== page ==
Company News

Winter Safety Tips for Seniors

January 31, 2019

The long winter months hold particular challenges for seniors, whether they are living on their own or in a skilled nursing facility like one of the six in The Allure Group’s network.

There are the dangers posed by ice and illness, and the challenge of isolation — even in a bustling eldercare facility.

So what is a senior to do?

When It’s Below Freezing

The key for those of any age is dressing for the conditions, but those needs are particularly acute among older adults, who lose body heat more quickly than in their younger years. Moreover, diabetes and thyroid problems can make it more difficult to regulate one’s internal thermometer, arthritis and Parkinson’s Disease can hinder a senior’s ability to put on additional clothing and Alzheimer’s Disease might limit his or her understanding of the dangers frigid weather presents.

They are considerable. Hypothermia occurs when a person’s core temperature drops below 95 degrees; its symptoms are skin that is not only cold but ashen. One is also apt to feel weak, tired or confused, or have trouble walking.

So it is important to dress in layers. To wear a hat and long underwear everywhere — even to bed. To don gloves and a scarf with one’s winter coat, should it be necessary to venture outside.

Footwear is particularly important. Falls are the leading cause of hospitalizations in the United States, and according to the Centers for Disease Control and Prevention four to five times more common among those age 75 and older than those between the ages of 65 and 74.

It is critical, therefore, to don boots or shoes with non-skid soles. And to be aware of sidewalk conditions before ever heading outdoors.

When You’re Sick

The CDC also reports that the elderly are particularly susceptible to the flu, because of their weakened immune systems. In recent years somewhere between 70 and 90 percent of seasonal flu-related deaths, and 50 to 70 percent of flu-related hospitalizations, occurred among those 65 and older.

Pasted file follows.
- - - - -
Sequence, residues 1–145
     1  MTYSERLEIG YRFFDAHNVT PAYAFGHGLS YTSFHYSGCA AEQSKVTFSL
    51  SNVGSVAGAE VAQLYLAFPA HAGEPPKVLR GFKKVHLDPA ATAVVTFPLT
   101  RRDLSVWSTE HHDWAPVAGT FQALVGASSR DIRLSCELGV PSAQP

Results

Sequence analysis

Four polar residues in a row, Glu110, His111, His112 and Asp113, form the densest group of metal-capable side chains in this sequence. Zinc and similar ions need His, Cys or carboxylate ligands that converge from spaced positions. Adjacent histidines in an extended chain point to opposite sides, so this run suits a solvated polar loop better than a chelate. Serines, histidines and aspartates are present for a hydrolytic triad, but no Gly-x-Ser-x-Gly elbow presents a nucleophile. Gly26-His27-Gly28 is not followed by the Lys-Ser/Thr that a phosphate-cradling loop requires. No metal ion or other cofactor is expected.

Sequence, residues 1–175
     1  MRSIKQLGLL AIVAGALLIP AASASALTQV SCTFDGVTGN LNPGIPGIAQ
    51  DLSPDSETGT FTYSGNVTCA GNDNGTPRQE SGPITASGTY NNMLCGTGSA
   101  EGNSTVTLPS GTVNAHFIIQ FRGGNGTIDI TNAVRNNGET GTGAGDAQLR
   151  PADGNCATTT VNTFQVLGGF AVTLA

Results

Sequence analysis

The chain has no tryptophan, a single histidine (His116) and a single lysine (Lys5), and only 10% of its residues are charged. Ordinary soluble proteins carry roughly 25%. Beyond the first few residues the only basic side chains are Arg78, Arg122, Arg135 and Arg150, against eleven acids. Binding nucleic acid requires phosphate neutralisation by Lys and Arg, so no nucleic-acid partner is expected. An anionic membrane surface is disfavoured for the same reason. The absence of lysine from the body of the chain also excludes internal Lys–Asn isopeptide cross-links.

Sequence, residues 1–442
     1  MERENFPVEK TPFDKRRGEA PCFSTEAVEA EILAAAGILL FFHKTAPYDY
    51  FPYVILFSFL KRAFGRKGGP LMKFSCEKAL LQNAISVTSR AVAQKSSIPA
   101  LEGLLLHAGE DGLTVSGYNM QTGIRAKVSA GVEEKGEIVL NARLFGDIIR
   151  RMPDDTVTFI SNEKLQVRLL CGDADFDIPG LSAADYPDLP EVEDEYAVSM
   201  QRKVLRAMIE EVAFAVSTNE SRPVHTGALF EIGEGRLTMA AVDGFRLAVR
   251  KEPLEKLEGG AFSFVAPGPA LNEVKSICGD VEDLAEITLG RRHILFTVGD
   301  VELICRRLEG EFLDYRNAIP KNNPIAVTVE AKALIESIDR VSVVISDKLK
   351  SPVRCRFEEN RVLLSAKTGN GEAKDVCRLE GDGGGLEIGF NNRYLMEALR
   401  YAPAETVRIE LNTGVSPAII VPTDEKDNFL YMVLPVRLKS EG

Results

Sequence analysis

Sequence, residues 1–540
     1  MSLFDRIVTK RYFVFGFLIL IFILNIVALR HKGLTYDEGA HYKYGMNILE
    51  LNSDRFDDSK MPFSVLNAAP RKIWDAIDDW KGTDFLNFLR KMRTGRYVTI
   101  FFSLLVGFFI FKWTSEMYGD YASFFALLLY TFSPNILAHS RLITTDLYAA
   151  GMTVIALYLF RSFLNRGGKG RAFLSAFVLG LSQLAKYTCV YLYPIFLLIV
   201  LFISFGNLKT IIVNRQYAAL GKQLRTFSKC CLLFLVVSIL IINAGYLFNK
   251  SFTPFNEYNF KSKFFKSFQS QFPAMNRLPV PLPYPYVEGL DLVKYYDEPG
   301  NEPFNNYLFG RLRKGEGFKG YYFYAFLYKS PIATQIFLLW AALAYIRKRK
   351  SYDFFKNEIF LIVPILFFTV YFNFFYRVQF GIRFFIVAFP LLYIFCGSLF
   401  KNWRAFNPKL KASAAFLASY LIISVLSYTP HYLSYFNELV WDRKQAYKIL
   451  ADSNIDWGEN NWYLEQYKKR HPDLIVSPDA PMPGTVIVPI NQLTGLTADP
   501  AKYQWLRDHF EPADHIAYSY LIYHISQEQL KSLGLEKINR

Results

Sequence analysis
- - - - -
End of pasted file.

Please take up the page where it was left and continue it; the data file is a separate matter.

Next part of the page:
Doctors therefore strongly advise that seniors get a flu vaccine — in particular the high-dose vaccine designed especially for them. It has four times more active ingredient than a regular flu shot.

For those who might contract the disease, rest and hydration are essential. It is also possible that a doctor will prescribe an antiviral medication like oseltamivir (Tamiflu), peramivir (Rapivab) or zanamivir (Relenza).

Feeling Lonely

Isolation is obviously far more prevalent among seniors who live alone, but it is not unheard of for those in skilled nursing facilities. Nine percent of the residents in one SNF who responded to a study described themselves as “always lonely,” while 26 percent said they were “sometimes lonely.”

That results in an increased risk of dementia, depression and high blood pressure. The mortality rates are higher among those who experienced feelings of isolation as well.

The solution lies in the hands of families and skilled healthcare professionals — the former by engaging with their loved ones, the latter by encouraging increased involvement with their fellow seniors.

The Allure Group, for example, offers ample opportunities for seniors to mingle, during meals, recreational activities, religious services and special events. There is no reason any resident should ever be alone, should they not want to be.

Categories: General